Puerto Rico is a territory belonging to the United States. It could become a state, or it could declare its independence from the United States and become a new nation. While most schools in the continental United States do not include Puerto Rico in history lessons, the current unusual position of this island territory could be a rare opportunity to bring current events into the classroom to explore important ideas about government.
The Puerto Rico Status Act
Congress is currently considering a law called the Puerto Rico Status Act. This bill would allow the voters in Puerto Rico to choose from three political status options:
- They can be a state.
- They can be an independent nation.
- They can be a sovereign associated republic.
We currently have 50 states. The most recent states were Alaska and Hawaii. Both were territories until 1959, when they became states. Compare the current territories (including Puerto Rico and Guam) with states like Alaska and Hawaii. You’ll notice that people in Puerto Rico and Guam are U.S. citizens just like people in Alaska and Hawaii, but that the people who live in territories cannot vote in presidential elections.
The Philippines and Cuba are examples of independent nations that used to belong to the United States. Compare these nations with the states and territories. Students will notice, for example, that people from Cuba and the Philippines are not citizens of the United States, while people from Puerto Rico and Alaska are. Are people from all of the territories citizens of the United States? (No — people born in American Samoa are not citizens of the U.S.).
The picture below is a Venn diagram — a great way to compare things. We’ve started it for you. Download a copy and fill it in with facts as students discover them.
Read “What’s a Freely Associated State?” to understand this political status. It is often considered a form of independence. Like the citizens of the Philippines, citizens of the Marshall Islands are not United States citizens. However, people from the Marshall Islands can live and work freely in the United States without a visa, while people from the Philippines must have a visa. Note that the details of a relationship between the United States and its associate republics can be slightly different from one nation to another, since they are negotiated as part of a treaty, but none are U.S. citizens and the U.S. has exclusive control over each nation’s military and defense.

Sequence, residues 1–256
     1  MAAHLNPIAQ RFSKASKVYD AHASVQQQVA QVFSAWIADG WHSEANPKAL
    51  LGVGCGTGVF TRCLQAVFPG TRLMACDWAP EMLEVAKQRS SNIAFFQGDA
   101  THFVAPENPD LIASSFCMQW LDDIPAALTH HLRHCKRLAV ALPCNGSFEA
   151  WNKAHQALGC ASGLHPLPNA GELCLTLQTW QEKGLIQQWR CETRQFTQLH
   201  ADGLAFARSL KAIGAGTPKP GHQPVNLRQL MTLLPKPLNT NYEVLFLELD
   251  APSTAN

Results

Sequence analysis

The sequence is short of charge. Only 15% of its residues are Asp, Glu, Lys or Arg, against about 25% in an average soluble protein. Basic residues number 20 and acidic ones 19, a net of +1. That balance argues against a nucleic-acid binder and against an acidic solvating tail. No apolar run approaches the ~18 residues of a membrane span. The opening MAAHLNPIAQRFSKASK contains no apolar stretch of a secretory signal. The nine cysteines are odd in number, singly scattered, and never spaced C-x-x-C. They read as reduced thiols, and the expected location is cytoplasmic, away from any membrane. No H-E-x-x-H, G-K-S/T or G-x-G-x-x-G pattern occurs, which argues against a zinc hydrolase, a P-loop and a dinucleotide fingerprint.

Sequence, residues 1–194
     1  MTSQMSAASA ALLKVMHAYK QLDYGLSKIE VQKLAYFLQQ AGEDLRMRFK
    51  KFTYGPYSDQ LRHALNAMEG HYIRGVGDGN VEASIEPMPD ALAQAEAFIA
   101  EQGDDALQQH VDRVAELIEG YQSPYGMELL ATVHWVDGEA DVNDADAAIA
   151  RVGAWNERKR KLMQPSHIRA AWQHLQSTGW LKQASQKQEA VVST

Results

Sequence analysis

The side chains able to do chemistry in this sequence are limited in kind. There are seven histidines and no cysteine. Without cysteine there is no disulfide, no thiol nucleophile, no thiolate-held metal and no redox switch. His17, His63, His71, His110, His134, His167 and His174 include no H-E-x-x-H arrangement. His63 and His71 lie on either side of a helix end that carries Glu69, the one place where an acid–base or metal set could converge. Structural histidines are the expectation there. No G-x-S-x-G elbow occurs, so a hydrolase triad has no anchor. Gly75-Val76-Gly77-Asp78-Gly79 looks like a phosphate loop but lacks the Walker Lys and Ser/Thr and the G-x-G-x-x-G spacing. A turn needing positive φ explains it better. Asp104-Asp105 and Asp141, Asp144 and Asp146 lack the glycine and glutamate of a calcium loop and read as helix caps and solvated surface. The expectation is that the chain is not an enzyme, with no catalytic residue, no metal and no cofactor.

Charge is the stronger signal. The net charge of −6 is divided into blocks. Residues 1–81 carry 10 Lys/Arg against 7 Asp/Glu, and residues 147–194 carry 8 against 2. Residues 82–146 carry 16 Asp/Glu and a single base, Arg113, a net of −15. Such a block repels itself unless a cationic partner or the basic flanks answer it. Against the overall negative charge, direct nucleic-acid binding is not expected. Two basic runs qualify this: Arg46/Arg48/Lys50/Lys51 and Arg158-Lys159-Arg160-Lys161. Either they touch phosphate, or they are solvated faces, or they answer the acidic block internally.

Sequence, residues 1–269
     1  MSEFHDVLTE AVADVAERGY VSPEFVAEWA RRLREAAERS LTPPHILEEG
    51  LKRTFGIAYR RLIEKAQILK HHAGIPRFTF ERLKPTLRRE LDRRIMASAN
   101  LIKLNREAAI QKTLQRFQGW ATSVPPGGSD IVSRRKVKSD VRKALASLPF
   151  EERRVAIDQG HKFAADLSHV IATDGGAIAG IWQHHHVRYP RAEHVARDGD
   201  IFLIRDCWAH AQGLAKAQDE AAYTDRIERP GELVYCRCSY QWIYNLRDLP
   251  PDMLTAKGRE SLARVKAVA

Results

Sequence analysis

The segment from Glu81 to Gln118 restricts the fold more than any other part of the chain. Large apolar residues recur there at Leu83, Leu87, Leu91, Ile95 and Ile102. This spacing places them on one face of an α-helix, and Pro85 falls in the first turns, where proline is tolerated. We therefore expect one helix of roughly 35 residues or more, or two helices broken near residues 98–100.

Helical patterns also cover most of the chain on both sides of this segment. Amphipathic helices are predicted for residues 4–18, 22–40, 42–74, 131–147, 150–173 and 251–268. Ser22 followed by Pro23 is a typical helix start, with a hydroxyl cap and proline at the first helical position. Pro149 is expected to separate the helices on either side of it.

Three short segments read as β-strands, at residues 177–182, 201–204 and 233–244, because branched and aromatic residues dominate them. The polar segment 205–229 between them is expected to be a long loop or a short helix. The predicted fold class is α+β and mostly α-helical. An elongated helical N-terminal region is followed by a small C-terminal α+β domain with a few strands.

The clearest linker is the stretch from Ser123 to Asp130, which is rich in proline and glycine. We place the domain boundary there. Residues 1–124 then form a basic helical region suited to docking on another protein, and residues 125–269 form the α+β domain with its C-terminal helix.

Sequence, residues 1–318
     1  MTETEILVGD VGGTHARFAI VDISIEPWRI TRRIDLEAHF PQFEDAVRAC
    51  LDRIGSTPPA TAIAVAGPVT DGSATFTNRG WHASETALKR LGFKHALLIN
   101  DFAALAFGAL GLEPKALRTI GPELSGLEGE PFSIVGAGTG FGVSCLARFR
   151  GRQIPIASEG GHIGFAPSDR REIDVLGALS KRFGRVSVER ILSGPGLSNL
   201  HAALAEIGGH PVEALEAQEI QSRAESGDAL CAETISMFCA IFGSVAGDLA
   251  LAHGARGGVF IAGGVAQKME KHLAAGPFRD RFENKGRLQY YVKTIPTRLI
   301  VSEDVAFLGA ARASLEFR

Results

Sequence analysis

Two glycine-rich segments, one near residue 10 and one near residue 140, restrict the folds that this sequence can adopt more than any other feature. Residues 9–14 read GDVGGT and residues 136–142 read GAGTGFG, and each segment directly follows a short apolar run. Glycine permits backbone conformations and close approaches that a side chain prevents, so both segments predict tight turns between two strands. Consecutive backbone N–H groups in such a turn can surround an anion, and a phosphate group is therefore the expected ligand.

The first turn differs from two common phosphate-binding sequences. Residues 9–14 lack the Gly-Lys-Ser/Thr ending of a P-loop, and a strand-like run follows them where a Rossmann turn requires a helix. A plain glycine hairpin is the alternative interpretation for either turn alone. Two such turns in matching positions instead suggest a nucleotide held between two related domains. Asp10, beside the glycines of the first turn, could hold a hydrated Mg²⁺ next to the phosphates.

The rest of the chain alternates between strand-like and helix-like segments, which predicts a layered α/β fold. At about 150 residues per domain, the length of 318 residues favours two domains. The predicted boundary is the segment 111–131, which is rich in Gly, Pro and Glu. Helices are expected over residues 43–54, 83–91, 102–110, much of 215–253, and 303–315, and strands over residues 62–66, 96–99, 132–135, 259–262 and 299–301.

Challenge students to create a Venn diagram comparing Puerto Rico’s current territory status with the three status options in the Puerto Rico Status Act. A four-way Venn diagram will usually need to be bigger to include all the detail; you might want to project or create this on your smart board. You can also Download a copy.
Once students have done research to understand the options being proposed in the Puerto Rico Status Act, explore the various aspects of political status.
- 32 territories have already become states. Was your state a territory? If so, find out when it became a state. Apart from Alaska and Hawaii, most territories became states too long ago for anyone now living to remember. Check your state history books to see how your state joined the union.
- If your state used to be a territory, find out which nations it belonged to in its past. Puerto Rico belonged to Spain before it belonged to the United States. Your state might have belonged to Britain, Spain, Mexico, or France. If so, it was probably a colony before it became a territory. Texas was an independent nation briefly.
- The Puerto Rico Status Act requires the government to create nonpartisan educational materials to explain all the choices before people in Puerto Rico vote. Ask your class to pretend they are responsible for creating these educational materials. The Act includes a list of things the educational materials are required to cover. Challenge students to find the information they would need in order to prepare those educational materials. Are any of the items confusing?
- Hold a mock vote. If your class got to choose, which of the three options would win?
Once Puerto Rico (and perhaps Washington D.C.) becomes a state, it could be a very long time before any more states are admitted to the United States. In fact, it might never happen again. Your students could be the last generation to experience this process.